6. Preservation-quality images: enhancement
Enhancement options. The consultants introduced the topic of enhancement by enumerating four algorithms that are especially relevant to manuscript and other document images. They recommended that contrast stretching be considered for this project and offered descriptions of the other three. Although some committee members were at first uncomfortable with the term enhancement, suggesting as it does tampering or distortion, most members agreed that the examples of contrast stretching improved legibility with little or no adverse effect.
The consultants argued that reformatting projects should create a record of the processes that were applied when images are created and should report those processes to users. The scanning software written by Picture Elements for this project automatically generates a readable-text log file that includes a detailed record of the scanning process.
Contrast stretching. Contrast stretching in its simplest definition is "making paper lighter and writing darker." In the extreme example presented to the committee, the enhancement rescued a document that was illegible when scanned with the system's default settings. The sample document was a mimeograph print on dark red paper.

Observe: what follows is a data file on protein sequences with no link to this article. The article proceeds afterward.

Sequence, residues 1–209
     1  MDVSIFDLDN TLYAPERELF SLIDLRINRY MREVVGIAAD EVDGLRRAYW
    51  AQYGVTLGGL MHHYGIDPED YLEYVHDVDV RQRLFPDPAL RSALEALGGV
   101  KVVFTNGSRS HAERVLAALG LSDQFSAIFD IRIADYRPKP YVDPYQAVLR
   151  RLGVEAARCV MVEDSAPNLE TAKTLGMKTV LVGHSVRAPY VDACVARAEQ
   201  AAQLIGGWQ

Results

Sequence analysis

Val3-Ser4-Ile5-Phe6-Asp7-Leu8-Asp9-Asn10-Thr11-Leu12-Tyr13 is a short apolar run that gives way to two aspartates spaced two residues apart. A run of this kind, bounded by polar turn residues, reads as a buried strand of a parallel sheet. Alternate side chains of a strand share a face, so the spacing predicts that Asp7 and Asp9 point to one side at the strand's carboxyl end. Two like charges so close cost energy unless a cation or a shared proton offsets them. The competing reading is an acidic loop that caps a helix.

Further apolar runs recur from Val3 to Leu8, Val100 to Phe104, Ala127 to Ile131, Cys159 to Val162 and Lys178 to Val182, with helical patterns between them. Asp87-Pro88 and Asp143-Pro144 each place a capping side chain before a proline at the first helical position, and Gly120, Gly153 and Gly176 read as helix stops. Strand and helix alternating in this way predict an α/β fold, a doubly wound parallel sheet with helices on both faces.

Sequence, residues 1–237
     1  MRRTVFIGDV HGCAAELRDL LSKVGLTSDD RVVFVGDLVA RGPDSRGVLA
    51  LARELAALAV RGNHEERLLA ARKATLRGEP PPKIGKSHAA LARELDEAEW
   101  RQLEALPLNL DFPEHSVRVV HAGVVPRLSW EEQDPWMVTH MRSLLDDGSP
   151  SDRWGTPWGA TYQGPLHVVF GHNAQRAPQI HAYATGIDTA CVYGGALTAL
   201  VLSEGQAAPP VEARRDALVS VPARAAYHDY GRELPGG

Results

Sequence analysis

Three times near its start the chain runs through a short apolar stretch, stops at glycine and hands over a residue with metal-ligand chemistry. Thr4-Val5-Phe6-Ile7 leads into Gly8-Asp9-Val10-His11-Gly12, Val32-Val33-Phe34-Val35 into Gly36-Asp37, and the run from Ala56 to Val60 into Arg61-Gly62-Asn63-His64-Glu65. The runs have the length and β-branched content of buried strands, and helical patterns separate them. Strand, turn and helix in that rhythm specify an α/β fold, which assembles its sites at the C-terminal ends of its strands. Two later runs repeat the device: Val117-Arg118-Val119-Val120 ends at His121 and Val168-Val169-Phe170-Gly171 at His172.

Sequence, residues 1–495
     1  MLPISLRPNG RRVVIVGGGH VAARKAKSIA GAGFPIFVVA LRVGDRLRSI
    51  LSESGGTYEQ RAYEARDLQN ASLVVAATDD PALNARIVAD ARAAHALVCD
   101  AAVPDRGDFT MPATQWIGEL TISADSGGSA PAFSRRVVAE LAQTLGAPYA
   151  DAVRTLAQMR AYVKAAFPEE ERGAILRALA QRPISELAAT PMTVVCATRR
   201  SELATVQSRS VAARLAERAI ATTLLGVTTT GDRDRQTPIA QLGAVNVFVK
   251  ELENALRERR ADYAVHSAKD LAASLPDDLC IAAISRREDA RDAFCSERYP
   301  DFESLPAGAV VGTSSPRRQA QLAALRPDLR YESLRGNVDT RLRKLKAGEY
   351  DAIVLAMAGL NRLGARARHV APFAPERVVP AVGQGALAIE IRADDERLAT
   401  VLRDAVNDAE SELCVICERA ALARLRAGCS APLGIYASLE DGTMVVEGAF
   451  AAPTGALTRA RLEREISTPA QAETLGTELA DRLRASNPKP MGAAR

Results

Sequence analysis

The consultants reported that in the production phase of this project, contrast stretching would be accomplished in an automated mode by applying a look-up table to each pixel's brightness value to increase the spacing between brightnesses for those ranges of brightnesses more likely to contain information. This can be termed an enhancement, and while in many cases it is only imperfectly reversible, the nature of the modification can, in principle, be stored with the image data as a form of metadata about the provenance of the image.